The “book” in chapter 5 really needs to be understood as a covenantal promise of an inheritance when seen in the light of the above two identifications of the “book” and of the broader theological context of the Apocalypse concerning man's fall in sin and redemption regained through Jesus Christ. As far back as Genesis, God told man he would reign over the Earth. Although Adam forfeited this promise, Christ, the last Adam, was to inherit it (Romans 5).

A human had to open the book because the promise/covenant was made to humanity. But no person or human was found worthy to open it because all are sinners and stand under the judgment contained in the book...except Christ. Only Christ could fully fulfill the requirements of the covenant. Christ was found worthy because he suffered the final judgment as an innocent sacrificial victim on behalf of His people, whom he represented and consequently redeemed Revelation 5:9.

“Worthy are You to take the book and to break its seals; for You were slain, and purchased for God with Your blood men from every tribe and tongue and people and nation.” Revelation 5:9.

That someone must “break the seals” of the book raises the question of whether it is a rolled-up scroll or a codex. The book of 5:1–2 is to be understood in part against the legal background of Roman wills, since the two bear striking similarity. The contents of such a will was sometimes summarized on the back. A Roman will had to be witnessed and sealed by seven witnesses, It was only upon the death of the testator could a will be unsealed and the legal promise of the inheritance be executed and a trustworthy executor would then put the will into legal effect. If we are right in identifying the book with the will form, then we again have the combination of an Old Testament Hebraic background layered in legal terminology another legal concept in the idea of a will.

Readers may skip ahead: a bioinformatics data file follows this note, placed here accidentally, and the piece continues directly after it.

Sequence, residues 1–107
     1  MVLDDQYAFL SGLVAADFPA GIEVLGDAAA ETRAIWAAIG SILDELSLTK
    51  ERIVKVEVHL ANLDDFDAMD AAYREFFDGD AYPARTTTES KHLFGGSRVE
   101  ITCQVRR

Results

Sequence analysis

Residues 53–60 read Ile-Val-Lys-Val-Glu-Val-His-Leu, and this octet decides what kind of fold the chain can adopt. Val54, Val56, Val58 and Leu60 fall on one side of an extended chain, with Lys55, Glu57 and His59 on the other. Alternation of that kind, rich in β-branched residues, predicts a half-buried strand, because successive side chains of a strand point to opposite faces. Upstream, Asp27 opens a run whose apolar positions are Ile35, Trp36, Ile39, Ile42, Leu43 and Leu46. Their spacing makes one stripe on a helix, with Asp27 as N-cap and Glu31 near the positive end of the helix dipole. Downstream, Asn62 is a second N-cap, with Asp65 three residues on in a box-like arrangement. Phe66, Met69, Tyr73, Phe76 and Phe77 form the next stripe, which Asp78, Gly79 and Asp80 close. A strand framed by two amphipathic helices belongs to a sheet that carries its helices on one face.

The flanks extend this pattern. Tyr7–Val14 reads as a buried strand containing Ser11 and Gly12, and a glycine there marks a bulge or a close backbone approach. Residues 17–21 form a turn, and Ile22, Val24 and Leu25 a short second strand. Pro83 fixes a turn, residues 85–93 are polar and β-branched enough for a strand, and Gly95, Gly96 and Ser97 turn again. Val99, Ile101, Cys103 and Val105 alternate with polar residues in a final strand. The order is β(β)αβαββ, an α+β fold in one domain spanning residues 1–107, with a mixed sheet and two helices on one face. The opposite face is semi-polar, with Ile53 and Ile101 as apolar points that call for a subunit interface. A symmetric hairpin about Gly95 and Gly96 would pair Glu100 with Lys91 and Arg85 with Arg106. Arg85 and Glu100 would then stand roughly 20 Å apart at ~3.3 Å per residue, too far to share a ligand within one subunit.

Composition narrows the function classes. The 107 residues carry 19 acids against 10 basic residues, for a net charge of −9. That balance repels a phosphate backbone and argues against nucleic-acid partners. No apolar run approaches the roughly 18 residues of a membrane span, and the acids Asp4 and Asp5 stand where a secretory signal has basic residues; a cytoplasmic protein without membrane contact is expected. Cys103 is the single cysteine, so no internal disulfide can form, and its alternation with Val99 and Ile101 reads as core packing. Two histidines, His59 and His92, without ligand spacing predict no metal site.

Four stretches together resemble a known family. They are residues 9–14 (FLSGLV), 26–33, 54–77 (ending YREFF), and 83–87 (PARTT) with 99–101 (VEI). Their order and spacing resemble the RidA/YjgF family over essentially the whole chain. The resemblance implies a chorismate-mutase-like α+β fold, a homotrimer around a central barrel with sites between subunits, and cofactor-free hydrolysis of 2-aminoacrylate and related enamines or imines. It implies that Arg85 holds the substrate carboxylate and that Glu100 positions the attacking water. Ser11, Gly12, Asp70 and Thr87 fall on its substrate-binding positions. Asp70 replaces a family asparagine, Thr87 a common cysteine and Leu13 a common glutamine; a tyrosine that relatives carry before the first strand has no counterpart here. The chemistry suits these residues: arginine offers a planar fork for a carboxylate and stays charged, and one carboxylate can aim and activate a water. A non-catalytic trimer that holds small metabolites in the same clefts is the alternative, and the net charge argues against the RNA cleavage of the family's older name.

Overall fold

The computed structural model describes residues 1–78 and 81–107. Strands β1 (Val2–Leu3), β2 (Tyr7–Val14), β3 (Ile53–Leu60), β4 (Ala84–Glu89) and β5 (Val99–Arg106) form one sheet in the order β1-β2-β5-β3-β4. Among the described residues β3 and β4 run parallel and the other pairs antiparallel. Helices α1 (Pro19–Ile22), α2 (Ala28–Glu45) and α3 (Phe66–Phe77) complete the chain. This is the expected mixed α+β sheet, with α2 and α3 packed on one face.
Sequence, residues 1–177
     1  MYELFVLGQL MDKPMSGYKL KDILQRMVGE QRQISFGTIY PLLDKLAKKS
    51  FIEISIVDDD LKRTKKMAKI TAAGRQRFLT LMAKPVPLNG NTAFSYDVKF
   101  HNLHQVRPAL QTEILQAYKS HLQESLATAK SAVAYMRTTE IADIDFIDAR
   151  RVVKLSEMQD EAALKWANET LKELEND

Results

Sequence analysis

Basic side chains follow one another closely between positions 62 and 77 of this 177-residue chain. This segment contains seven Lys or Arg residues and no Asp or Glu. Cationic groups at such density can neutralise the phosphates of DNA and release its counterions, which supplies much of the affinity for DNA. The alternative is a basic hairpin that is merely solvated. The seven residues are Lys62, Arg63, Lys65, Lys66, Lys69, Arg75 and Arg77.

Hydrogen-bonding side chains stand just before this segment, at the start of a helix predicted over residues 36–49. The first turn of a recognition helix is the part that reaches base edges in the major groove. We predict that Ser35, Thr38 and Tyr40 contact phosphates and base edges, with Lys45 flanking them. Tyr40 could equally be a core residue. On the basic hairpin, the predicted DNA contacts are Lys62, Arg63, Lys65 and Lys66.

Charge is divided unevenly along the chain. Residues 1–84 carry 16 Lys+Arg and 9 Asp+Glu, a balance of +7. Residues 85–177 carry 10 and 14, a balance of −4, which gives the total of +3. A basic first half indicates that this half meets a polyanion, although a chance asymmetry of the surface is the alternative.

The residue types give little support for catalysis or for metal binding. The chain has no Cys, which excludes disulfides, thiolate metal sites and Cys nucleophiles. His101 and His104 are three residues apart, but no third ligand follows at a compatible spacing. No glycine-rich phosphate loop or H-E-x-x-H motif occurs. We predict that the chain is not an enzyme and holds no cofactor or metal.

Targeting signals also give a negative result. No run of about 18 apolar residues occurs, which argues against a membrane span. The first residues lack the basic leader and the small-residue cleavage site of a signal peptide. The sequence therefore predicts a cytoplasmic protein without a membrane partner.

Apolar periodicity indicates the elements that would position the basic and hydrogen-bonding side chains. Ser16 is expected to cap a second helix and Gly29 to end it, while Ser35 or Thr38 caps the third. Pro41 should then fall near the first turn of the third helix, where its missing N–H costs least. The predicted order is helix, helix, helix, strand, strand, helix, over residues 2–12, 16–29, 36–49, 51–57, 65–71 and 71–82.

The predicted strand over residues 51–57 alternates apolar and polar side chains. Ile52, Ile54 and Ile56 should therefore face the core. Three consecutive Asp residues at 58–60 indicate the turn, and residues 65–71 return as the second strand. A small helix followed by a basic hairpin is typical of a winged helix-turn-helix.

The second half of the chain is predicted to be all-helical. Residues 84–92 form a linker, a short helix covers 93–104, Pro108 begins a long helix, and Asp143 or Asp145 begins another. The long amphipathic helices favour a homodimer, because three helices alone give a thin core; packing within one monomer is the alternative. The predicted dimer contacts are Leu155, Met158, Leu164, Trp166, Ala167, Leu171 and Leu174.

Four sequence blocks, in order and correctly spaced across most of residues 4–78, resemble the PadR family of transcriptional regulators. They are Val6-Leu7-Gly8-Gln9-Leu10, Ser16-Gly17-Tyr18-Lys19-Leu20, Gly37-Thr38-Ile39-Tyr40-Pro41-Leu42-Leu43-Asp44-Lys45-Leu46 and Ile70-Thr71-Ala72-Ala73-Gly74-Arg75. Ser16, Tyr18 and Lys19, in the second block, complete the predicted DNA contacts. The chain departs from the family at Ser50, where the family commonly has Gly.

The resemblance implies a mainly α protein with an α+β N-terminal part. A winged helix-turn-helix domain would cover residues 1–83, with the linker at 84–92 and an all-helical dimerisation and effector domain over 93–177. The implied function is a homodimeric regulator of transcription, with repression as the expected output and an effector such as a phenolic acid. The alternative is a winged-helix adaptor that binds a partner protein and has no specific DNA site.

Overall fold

The question by the angelic being and the response does not deal with just the contents but also to put the contents into force. No created being is able to step forward to open or read the book. This demonstrates the inability of any among God’s creatures to execute God’s plan of redemption and judgment.  The Seer Weeps Because No One is Found Worthy to Open the Book (5:4)
It appears that the seals cannot be broken and that God’s glorious plan will not be carried out.  This means for him that history will not be governed in the interest of the church and that there will be “no protection for God’s children in the hours of bitter trial; no judgments upon a persecuting world; no ultimate triumph for believers; no new heaven and earth; no future inheritance”

Therefore, verses 1–4 draw on images from Ezekiel, Daniel, and Isaiah to compose the representation of the book. Daniel 7 is the leading influence, since the “book” of Rev. 5:1–4 clearly has a cosmic or universal significance, and the books of Daniel 7 deal with cosmic judgment against the kingdoms of the world at the end of time. Although the “books” of the other Old Testament contexts are associated with a judgment limited to those within Israel. We must understand that Israel is an encapsulated version of humanity at large…their failure is our failure…they are sinning humans as are we. The question “who is worthy to open the book?” is answered formally in v 9, where Christ is seen as worthy because his death set in motion fulfillment of the promise of redemption throughout the earth.

The prophet receives heavenly counsel concerning the messiah’s worthiness to open the book (5:5) We see the Messiah’s appearance before the throne to receive authority (5:6–7). In the midst of the images of Ezekiel’s living beings and Isaiah’s elders stands a Lamb “as it had been slain.” That the Lamb stands “in the midst of the throne and of the four living creatures and … of the elders” most likely refers generally in figurative manner (by synecdoche) to the inner court area around the throne.